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Will of John Buffett
I John Buffett of Jersey Harbor Fortune Bay Newfoundland Fisherman and Planter being sound in mind but weak in body and knowing that it is appointed unto all men once to die do make this my last will and testament First I give and bequeath to my dear wife Jane all the monies which I may die possessed of for her own sole use and behoof I give my dwelling house at Jersey Harbor to my grandson Thomas Buffett on condition that he does not allow my said wife ever to want necessary care and maintenance- I appoint William Pink of Jersey Harbor executor of this my last will and testament and I request him to pay all my just debts and funeral expences out of my property. In witness whereof I have set my hand and seal at Jersey Harbor aforesaid this day of May one thousand eight hundred and seventy-six John Buffett his X mark witness W.K. White. Signed sealed and delivered by the above testator in the presence of us and of each other Rebecca Buffett, Hannah Fudge her X mark witness W.K. White.
I John Buffett of Jersey Harbor, Fortune Bay Newfoundland, fisherman and planter add this codicil to my last will and testament within-mentioned dated May one thousand eight hundred and seventy-six to state that I name David Sclater Esquire Merchant of Saint John’s the other executor of my said last will and testament (William Pink being the other executor) In witness whereof I have set my hand & seal at Jersey Harbor aforesaid this ninth day of September one thousand eight hundred and seventy-six (the same having been first read over and explained) John his X mark Buffett (LS) Philip Hubert, witness. Signed sealed and delivered by the above testator in the presence of us and of each other, Hannah her X mark Pink. Hannah her X mark White. Philip Hubert, witness, Rebecca Buffett.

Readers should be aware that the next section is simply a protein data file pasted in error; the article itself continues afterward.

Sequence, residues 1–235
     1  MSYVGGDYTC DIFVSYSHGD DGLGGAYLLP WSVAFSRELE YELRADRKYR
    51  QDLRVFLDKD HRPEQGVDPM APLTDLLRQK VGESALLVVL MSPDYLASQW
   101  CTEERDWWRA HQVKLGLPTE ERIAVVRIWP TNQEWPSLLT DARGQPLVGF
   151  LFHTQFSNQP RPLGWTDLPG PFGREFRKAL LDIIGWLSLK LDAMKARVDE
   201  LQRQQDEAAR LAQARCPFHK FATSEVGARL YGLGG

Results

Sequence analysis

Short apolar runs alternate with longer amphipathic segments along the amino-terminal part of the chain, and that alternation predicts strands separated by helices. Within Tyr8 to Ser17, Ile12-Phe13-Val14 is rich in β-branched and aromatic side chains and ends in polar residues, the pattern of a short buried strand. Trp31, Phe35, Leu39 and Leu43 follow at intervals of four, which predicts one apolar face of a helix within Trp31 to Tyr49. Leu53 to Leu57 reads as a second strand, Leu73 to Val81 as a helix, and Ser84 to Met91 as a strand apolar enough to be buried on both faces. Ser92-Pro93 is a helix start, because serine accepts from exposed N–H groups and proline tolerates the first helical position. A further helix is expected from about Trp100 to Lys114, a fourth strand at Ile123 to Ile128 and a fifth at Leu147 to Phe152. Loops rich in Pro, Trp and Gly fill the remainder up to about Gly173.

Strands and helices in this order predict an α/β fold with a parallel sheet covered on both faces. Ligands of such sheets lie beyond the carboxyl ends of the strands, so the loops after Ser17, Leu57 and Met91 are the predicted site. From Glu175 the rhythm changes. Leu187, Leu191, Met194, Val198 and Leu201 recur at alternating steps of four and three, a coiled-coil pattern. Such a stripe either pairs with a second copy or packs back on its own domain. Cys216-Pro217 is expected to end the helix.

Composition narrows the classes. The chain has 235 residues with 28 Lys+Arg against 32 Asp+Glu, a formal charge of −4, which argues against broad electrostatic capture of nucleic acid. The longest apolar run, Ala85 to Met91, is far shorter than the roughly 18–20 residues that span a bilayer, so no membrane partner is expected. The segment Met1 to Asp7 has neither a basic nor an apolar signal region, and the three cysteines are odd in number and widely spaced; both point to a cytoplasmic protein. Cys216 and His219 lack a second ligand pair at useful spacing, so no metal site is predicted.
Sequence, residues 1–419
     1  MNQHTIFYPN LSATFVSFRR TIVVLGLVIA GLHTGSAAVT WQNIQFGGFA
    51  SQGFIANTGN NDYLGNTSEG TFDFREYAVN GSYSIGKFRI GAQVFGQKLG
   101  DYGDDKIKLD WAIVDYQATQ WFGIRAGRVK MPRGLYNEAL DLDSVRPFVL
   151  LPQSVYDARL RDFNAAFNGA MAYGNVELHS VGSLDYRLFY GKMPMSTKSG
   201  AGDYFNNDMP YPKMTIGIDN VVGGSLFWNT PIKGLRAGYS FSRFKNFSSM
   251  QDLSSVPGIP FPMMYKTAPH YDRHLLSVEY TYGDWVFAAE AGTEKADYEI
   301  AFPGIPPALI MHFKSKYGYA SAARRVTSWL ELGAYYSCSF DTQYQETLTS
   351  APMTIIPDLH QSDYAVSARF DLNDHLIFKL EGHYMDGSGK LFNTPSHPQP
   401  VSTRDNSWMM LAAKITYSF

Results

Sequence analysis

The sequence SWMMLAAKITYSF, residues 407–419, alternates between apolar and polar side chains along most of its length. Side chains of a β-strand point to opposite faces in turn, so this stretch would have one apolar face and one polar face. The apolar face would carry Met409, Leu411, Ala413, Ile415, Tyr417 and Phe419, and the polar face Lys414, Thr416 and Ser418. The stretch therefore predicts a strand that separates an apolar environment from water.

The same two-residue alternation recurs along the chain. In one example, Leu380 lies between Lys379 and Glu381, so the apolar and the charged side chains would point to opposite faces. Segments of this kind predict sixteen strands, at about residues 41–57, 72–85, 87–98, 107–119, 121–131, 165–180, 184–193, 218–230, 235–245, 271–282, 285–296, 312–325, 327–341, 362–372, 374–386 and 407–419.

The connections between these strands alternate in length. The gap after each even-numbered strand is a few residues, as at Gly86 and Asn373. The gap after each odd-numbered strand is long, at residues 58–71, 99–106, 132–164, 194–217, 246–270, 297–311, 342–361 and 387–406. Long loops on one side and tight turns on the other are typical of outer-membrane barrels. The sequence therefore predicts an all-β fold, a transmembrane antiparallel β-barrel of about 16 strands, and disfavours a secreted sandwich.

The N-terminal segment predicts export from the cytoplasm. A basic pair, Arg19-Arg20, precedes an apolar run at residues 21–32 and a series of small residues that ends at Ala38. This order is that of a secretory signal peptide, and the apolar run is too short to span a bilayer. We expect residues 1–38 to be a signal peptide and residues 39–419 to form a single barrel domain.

Note: The wills in those will books are NOT actual wills. They are either hand-written copies or in later years typed copies of a, "last will and testament," written or typed by the court clerk, after the death of the testator, when the executor presented them to the court for probate. The court clerk didn't list the signatures at the bottom, he (or she) just put them in the book in whatever order they were in, on the original document, no spacing most of the time, no punctuation and also no paragraphs. The originals were kept by the executor.
We who have typed these wills, have made every effort to include all the errors that were on the microfilm, in order to avoid destroying the integrity of the originals, where ever they may be. However, in some of the very long wills, we have tried to insert paragraphs to make it easier for the researcher to read the document.
Page Contributed by Judy Benson & Ivy F. Benoit
Page Revised by Ivy F. Benoit (Wednesday February 20, 2013)
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